No doubt Washington has also noted how even its allies in Latin America, such as Colombia, Mexico and Peru, have failed to oppose Venezuela’s candidacy to represent them in the Security Council.
“There seems to be, if not fear, then at least anxiety in the region,” says Popa, the professor in Peru. “No one wants to start a fight with the bad kid on the block.”
As a result, Venezuela, and in particular Chavez’s politically inexperienced daughter, will now be sharing the limelight with major world powers over the next 24 months as the UN grapples with international contingencies.
Some in Venezuela joke that Maduro sent Maria Gabriela to the UN simply to get her out of La Casona, the presidential palace, which she and her family were said to still be occupying more than 18 months after her father had died.
Nagel has a more surprising explanation — the UN appointment could be a first step in a carefully choreographed political career that could even take Maria Gabriela all the way to the presidency.
Chavez himself sometimes hinted at that possibility, although he probably never expected it would come with Venezuela — home of the world’s largest oil reserves — in such dire straits and his supporters desperate to embrace a savior whose sole qualification is his revered last name.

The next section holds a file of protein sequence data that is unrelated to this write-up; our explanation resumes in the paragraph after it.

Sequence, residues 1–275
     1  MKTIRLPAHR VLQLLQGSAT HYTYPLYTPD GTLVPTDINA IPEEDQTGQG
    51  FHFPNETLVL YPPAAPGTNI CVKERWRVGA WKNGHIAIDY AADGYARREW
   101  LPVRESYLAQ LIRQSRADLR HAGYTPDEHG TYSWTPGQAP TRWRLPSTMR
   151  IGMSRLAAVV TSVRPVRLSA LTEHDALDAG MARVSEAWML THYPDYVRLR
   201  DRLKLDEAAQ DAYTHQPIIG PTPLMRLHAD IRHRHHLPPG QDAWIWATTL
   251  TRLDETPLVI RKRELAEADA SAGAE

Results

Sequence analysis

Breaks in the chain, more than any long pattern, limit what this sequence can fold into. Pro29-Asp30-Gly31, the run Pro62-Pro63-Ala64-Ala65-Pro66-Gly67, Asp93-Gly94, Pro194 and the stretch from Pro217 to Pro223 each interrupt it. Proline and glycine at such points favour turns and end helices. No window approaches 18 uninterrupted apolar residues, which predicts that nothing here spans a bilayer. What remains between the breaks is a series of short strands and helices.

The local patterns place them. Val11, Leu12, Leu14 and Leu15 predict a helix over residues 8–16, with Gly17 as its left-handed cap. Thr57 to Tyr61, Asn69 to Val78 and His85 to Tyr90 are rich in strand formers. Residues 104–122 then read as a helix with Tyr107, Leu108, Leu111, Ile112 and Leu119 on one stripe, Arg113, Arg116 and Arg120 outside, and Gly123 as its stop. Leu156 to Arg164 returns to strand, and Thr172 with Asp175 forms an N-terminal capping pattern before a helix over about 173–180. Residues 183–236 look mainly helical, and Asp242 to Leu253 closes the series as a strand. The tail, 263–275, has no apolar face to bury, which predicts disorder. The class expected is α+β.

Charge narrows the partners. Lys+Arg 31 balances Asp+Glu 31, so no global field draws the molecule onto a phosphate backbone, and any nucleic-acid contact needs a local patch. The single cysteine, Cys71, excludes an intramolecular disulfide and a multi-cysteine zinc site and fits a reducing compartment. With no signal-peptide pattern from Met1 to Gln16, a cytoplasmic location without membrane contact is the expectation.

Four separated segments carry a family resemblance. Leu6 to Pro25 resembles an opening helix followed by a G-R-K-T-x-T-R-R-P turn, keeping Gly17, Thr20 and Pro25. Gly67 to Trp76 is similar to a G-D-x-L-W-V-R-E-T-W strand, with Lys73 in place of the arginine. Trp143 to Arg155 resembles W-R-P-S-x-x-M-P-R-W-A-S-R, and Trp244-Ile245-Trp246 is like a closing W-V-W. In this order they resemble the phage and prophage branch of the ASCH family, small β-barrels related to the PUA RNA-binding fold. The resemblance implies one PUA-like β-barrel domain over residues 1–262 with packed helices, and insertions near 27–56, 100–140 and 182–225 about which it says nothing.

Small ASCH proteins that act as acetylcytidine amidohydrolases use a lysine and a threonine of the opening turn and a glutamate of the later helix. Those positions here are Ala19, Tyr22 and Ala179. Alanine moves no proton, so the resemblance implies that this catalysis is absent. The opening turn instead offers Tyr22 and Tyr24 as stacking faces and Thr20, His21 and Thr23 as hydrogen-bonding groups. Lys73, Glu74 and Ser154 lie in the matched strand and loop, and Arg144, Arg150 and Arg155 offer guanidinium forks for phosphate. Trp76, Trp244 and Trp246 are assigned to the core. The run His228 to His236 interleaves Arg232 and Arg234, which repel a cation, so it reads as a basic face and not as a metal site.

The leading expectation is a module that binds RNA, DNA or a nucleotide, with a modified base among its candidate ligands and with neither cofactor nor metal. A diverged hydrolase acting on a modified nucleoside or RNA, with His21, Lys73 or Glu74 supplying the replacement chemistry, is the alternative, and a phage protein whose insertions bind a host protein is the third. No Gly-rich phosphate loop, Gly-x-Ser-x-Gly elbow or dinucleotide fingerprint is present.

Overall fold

“If they just wanted to get her out, they could have sent her to be ambassador to the Czech Republic,” he says. “They didn’t need to give her this job, which is so high profile.”
“It is the government’s attempt to launch Maria Gabriela publicly. They might even be preparing to use her as a wild card in the event that Maduro stops being viable as president.”
“Her image is a little frivolous, but the truth is we don’t really know what she is like. Within Chavismo she is very respected, more so than Maduro.”
“She will have to prove herself and we can’t rule out that she may have political skills. It is very interesting that she will be the deputy ambassador. It looks like they will be trying to groom her for a political role back in Venezuela.”
If so, it is to be hoped that the launch of Maria Gabriela’s political career does not come at the expense of the kind of international cooperation needed to address the planet’s most pressing humanitarian disasters.